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'File 61/7 (D 65) Bin Saud's relations with the Sheikh of Kuwait' [‎96r] (200/409)

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The record is made up of 1 volume (200 folios). It was created in 26 Apr 1922-27 Jul 1929. It was written in English and Arabic. The original is part of the British Library: India Office The department of the British Government to which the Government of India reported between 1858 and 1947. The successor to the Court of Directors. Records and Private Papers.

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TELEGRALI PROIa VICEROY, TO SECRETARY OP
STATE POR INDIA, DATED 12.12.23.
P.1727. Please refer to your telegrams dated 19th
September and 14th November , Nos.3392 and 4050.
As you are a^v/are, we are, on principle averse from
commitments in regard to the hinterland of Arabia
but, treaty obligations, which v/e must of course
observe, complicate the position in regard to Koweit.
On the one hand, definite promise has been given by
Ibn Saud, himself, that he will refrain from all inter
ference with or aggression upon Koweit territories;and
on the other hand, possession of the "town of Koweit
and its boundaries" (whatever the exact meaning of that
phrase may be) has been guaranteed by us to Ibn Subah
family and, in our treaty with Ibn Saud, we have
apparently mentioned Sheikh of Koweit as one of the
protected Sheikhs. No allusion, earlier than April,
1922, to Ion Saud's suggestion that collection of his
customs dues should be made in town of Koweit, instead
of on his own frontier, can be traced in our records.
In addition, we have no detailed information, since
that date, regarding the course of His Majesty's
Government's negotiations with Ibn Saud on this point.
Our remarks are, therefore, given with diffidence, but,
prima facie, both our own and Ibn Saud's engagements
would appear to be violated by Ibn Saud's suggestion,
and latter, for this reason, should be opposed. If
this is dono, automatic decrease in Ibn Saoid's
influence in Koweit, will take place. Apart from our
obligations to protected Sheikhs, including Koweit,
we should welcome Ibn Saud's extension to sea, pre
ferably in port which he has himself developed. He
would thus be rendered more accessible to our nava.l
power

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Content

The volume consists of letters (in English and Arabic), telegrams, and memoranda, the majority of which concern Najd-Kuwait relations. The correspondence is mostly between Ibn Sa'ud, Sheikh Ahmad al-Jabir al-Sabah of Kuwait, the High Commissioner of Iraq, the Political Residency A diplomatic office of the British Government established in the provinces and regions considered part of, or under the influence of, British India. in Bushire, the Political Agencies in Bahrain and Kuwait, the Colonial Office, Foreign Office, and India Office The department of the British Government to which the Government of India reported between 1858 and 1947. The successor to the Court of Directors. , all in London, and the Government of India in Bengal.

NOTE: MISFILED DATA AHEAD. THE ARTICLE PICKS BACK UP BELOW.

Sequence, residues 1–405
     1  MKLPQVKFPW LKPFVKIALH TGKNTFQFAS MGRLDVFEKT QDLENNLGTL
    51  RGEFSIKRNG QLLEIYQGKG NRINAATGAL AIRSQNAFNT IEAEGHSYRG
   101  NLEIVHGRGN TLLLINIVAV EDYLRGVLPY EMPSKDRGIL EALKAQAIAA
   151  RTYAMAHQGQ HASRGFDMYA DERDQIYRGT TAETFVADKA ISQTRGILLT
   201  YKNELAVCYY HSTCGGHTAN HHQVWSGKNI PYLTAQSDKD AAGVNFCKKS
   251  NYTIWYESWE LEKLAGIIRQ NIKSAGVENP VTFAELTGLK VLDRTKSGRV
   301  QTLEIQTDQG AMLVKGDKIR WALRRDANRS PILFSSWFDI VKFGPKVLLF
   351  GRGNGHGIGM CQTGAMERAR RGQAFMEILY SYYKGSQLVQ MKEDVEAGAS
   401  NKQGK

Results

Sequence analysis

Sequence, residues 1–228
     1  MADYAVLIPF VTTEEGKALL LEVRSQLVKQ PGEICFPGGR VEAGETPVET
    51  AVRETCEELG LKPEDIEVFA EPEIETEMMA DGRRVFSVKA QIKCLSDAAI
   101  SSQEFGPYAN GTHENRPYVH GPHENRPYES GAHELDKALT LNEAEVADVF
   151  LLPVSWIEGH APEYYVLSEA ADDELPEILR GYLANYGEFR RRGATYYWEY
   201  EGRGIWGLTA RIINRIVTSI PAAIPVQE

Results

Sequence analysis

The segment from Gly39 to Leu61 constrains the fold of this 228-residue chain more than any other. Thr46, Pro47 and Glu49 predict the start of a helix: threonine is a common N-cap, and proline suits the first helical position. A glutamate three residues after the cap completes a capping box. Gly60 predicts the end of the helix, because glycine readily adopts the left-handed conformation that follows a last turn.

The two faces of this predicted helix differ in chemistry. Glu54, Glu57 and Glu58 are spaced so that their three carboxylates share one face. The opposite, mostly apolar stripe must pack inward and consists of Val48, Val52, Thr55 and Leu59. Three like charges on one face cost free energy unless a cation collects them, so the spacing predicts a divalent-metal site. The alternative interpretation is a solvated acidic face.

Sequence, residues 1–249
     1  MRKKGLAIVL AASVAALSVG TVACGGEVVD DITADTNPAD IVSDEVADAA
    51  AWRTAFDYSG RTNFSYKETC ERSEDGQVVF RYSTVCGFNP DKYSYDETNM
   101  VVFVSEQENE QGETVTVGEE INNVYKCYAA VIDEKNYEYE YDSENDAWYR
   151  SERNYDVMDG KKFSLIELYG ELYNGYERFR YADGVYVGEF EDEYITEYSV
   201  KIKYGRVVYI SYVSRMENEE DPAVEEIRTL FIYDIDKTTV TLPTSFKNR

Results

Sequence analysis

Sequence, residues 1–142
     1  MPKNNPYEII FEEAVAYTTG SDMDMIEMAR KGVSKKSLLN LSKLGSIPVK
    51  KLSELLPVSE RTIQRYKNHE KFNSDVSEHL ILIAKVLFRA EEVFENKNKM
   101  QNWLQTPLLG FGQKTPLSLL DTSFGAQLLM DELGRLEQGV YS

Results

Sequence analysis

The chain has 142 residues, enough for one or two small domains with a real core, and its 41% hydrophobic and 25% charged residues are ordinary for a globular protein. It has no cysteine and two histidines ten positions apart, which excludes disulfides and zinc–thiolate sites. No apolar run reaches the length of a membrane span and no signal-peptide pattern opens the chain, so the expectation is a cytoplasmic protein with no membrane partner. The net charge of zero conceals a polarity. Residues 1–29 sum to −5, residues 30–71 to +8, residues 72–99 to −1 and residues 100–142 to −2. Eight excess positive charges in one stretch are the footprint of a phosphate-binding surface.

Two main subjects are discussed in the correspondence. The first is the dispute over customs duties between Ibn Sa'ud and the ruler of Kuwait, including the nature of the problem and British attempts to solve it. The second is the Nationality Certificates issued to Najdi subjects in Kuwait, by Ibn Sa'ud. The latter half of the file also contains correspondence and several lengthy memorandums regarding the tribes of the region, especially those of the Ikhwan, and recent movements and hostilities along the Kuwait, Iraq, and Transjordan borders with Najd.

Extent and format
1 volume (200 folios)
Arrangement

The volume is arranged in chronological order. There are numerous enclosures that are from an earlier date.

Physical characteristics

Foliation: The sequence starts from the title page and ends on the inside back cover. The numbers are written in pencil and can be found in the top right of the recto The front of a sheet of paper or leaf, often abbreviated to 'r'. side of each folio. There are the following irregularities: 1A, 1B, and 1C; 71a1 and 71a2; 85A1, 85A2, and 85B; 89A1 and 89a2; 90A1 and 90a2. Eight individual folios have been given a number range, rather than a single number, written respectively as: 36-37; 48-49; 54-56; 61-63; 101-102; 132-135; 169-170; 180-181.

Written in
English and Arabic in Latin and Arabic script
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'File 61/7 (D 65) Bin Saud's relations with the Sheikh of Kuwait' [‎96r] (200/409), British Library: India Office Records and Private Papers, IOR/R/15/1/561, in Qatar Digital Library <https://www.qdl.qa/archive/81055/vdc_100023854473.0x000001> [accessed 17 February 2020]

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